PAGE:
By Adam Lovinus
By Lilledeshan Bose
By Gabriel San Roman
By Rachel Mattice
By Stephanie Zacharek
By Daniel Kohn
By Nate Jackson
By Mike Seeley
Liza Graves, guitarist and primary mouthpiece for Long Beach punk combo Civet, recently reached a transformative realization. The Suicide Girls lookalike with a weather-beaten voice came to understand that Civet didn't need to be an all-female outfit to portray their punkish anti-rules-and-regulations ethos. In fact, rules of any kind only seemed to hinder what she had been aiming to accomplish all along.
Civet, which Graves formed with her younger sister Suzi Homewrecker more than a decade ago, had always been envisioned as an all-girl act. When its rhythm section of Jacqui Valentine (bass) and Roxie Darling (drums) quit last November on tour while the group was the opening act for Nashville Pussy, the pangs of finding new members opened Graves' eyes to a different approach. She found that doing things her way meant throwing down all conventions and opening the doors of her band to the less-fair sex.
"We'd had a lot of different girls in the band, and we realized that instead of just focusing on girls, we wanted to find the best drummer and bass player for us," she says. "So now we have two guys in the band, and it's honestly the best lineup we've ever had. Besides the music, when there are four girls in the band, it gets competitive. . . . Our chemistry now is really great."
Graves' independent streak crossed over to the recording of Civet's latest release, Love & War, issued on Feb. 22. The raucous, high-energy set is a guttural spitball draped in anthemic choruses—just the way Graves intended. Rather than working with two big-name producers (as they did with Julian Raymond and Howard Willing on 2008's Hell Hath No Fury), the band chose to go it alone in the studio, trusting their own talents to get the vision across.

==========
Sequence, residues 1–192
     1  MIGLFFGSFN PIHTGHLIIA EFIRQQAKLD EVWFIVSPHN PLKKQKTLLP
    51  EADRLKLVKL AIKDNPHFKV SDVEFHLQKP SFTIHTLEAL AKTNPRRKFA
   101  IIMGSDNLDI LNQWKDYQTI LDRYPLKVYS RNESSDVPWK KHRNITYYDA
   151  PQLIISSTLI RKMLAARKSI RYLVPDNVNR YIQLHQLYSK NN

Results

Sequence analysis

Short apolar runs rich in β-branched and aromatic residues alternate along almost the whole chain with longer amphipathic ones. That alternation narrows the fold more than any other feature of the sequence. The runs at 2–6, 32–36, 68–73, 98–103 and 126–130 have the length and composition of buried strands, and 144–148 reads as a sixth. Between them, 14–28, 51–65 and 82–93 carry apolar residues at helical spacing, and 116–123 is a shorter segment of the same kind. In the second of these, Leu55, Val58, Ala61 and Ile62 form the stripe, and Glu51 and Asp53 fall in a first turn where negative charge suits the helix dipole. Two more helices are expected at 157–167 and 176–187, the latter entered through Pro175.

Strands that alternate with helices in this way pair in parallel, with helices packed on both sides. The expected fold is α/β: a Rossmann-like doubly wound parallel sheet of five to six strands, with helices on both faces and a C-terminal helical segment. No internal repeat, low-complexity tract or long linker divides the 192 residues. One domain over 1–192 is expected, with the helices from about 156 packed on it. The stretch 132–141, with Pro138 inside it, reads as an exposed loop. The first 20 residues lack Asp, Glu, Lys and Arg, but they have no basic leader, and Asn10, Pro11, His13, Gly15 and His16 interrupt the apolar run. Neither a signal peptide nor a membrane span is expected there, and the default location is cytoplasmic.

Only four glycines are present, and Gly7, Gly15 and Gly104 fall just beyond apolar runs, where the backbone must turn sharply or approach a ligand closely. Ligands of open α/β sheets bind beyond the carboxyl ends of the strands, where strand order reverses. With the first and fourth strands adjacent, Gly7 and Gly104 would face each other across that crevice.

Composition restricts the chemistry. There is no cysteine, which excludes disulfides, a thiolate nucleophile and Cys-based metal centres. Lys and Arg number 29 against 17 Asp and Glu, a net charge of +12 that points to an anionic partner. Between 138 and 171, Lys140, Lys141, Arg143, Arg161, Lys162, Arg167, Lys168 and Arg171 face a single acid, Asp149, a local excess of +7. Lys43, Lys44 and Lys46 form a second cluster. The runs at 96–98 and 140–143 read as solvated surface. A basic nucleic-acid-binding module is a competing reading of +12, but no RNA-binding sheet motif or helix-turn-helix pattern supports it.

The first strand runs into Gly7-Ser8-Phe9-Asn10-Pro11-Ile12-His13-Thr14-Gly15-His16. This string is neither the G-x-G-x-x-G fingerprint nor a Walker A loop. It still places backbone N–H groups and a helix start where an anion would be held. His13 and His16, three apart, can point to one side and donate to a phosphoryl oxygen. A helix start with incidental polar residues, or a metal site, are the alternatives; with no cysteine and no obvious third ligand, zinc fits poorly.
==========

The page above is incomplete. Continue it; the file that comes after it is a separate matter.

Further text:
"On our last record, the production was so large and the sound wasn't exactly representative of us," Graves says. "We wanted to record ourselves in a way that captured what we like and who we really are. It can be difficult without an outside ear to help you figure things out, but we feel good about it."
The set was tracked in an Orange County studio over a few weeks with a longtime friend engineering behind the boards. The atmosphere was relaxed and party-like, allowing for the creative energy to take the band in whatever direction they wanted. The result was 14 songs of power street punk recalling the brute force of Motörhead, the exhaust-fume vocals of Courtney Love and the big, snappy choruses of Rancid. Standout tracks include "L.A. Nights," a song owed to an evening on the town partying, and "Summer of Hate," a rollicking tale of growing up in a punk-fueled environment. "We really felt free in the studio," Graves says. "This may not be as polished as our last record, but people seem to be into it. There were no rules behind what we were able to do, and that's the way music should be."
Graves and Homewrecker penned all the songs, with the former handling the bulk of the lyrics. The two grew up in Long Beach writing songs with their stepfather playing the drums behind them. Though 27-year-old Graves is five years older than her sister, they always had the desire to make a career out of it together. While their relationship is generally very warm, the ebbs and flows of working with family mixed with countless hours trapped in a van in some foreign place can make for some less enthusiastic moments.
"I guess there is some Liam and Noel in us [as in the Gallagher brothers of Oasis fame/infamy]. You can't see it onstage or anything, but if you spend enough time around us, you can see it," she says. "I think that's natural with siblings. . . . On the whole, I love being in a band with her."
For now, Civet plan to spend the majority of the next year on the road crossing North America and making trips to Japan and Europe. With the new, emboldened lineup and a great record to promote, they're excited.
"This should be a big year for us," Graves said. "Hopefully, we'll be able to take everything in and enjoy it."
This article appeared in print as "Now With Boys! Civet ditch the all-girl punk-combo concept and release their best effort to date."